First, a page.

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I have been banging my head against the wall on this one.

Until now I have used the code behind for button logic (I know bad.). so I decided to creat a command for my buttons. My command code:

<Button Name="AddUser" Command="{Binding Path=AddUserCommand}" CommandParameter="AddUser" Content="New User" Margin="20" />

And My command code:

public ICommand AddUserCommand { get; set; }

public bool CanExecute(object parameter)
if (parameter != null)
return true;
return false;

public event EventHandler CanExecuteChanged
add { CommandManager.RequerySuggested += value; }
remove { CommandManager.RequerySuggested -= value; }

public void Execute(string parameter)
if (parameter == "AddUser")
var window = new AddUser();
I have set break points and my command code never gets touched.

I don't see where My problem is.

Thanks in advance!
tgrt 27-Oct-13 19:46pm
Is that all your code? Because, I don't see where your command is being created. You have a property, but you're not setting it. You're binding to that property which is a null reference... So I'm not sure what you're expecting.
David C# Hobbyist. 27-Oct-13 19:57pm
Hmmmm maybe I haven't learned enough yet. Should I be setting this in my ViewModel constructor?
tgrt 27-Oct-13 19:59pm
See solution below.

1 solution

In your ctor do the following (you might have to implement the DelegateCommand - it's present in Prism):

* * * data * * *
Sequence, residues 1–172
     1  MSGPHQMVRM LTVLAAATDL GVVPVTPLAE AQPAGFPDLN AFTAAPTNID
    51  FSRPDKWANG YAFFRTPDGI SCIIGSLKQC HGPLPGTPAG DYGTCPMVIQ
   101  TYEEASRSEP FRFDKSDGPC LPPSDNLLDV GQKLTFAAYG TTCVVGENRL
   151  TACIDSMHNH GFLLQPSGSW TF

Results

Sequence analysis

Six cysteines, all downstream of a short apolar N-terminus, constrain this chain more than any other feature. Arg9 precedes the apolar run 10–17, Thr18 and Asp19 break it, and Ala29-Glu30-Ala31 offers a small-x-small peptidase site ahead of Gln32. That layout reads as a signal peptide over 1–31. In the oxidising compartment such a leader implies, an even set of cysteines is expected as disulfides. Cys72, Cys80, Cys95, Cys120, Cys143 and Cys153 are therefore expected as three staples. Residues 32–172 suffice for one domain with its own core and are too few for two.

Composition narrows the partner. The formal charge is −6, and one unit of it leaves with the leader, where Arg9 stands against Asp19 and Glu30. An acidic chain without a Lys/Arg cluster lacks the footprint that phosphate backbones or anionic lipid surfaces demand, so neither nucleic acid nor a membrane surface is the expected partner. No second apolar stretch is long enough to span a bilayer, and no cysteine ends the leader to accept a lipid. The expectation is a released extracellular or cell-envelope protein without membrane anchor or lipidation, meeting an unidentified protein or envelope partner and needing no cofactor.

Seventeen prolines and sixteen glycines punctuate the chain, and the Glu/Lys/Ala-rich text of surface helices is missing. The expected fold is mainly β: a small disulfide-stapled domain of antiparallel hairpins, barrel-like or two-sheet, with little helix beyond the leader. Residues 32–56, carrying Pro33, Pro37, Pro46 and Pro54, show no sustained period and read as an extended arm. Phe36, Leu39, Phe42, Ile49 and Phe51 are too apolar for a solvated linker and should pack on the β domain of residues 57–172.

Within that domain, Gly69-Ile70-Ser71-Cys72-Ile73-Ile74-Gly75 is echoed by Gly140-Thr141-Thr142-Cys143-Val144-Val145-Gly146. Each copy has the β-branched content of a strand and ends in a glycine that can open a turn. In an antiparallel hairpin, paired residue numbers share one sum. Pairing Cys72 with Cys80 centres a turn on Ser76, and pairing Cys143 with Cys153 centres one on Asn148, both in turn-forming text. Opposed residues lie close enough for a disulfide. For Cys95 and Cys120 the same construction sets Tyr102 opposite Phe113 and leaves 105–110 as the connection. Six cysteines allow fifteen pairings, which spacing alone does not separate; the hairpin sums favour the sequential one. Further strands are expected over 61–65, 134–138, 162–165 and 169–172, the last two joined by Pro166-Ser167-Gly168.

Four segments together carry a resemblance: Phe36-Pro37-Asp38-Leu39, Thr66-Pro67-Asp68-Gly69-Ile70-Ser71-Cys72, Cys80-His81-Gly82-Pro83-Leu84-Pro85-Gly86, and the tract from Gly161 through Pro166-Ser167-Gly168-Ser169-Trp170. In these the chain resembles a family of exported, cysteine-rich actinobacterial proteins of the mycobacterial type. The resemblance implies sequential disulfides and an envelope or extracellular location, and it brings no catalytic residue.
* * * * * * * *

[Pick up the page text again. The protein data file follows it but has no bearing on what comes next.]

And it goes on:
AddUserCommand = new DelegateCommand(Execute, CanExecute);

Also change the following:
* Change parameter type in Execute to object and cast it within the function
* Get rid of CanExecuteChanged
* Consider not using the parameter at all in Execute and XAML, because you don't need it
tgrt 27-Oct-13 20:00pm
The following site has a good implementation of the DelegateCommand if you're not using Prism.
David C# Hobbyist. 27-Oct-13 20:03pm
There is more to the if statement then I included. I was trying to reuse the Execute method for more than 1 command.
Prism available from nuget i presume.
I will try Your suggestion.
tgrt 27-Oct-13 20:11pm
You can name the Execute method anything you want. That is, your command instantiation can be: AddUserCommand = new DelegateCommand(AddUser, CanAddUser);

In that case, you'd have two methods with the same signature as Execute and CanExecute currently have.

The only reason to use a parameter in your scenario is if you want poor maintainability. In other words, there's no good reason to do it that way.

You can also pass in lambdas to the instantiation if you have encapsulated an object that handles this type of stuff. For example:

AddUserCommand = new DelegateCommand(parm => userManager.AddUser(), parm => userManager.CanAddUser);

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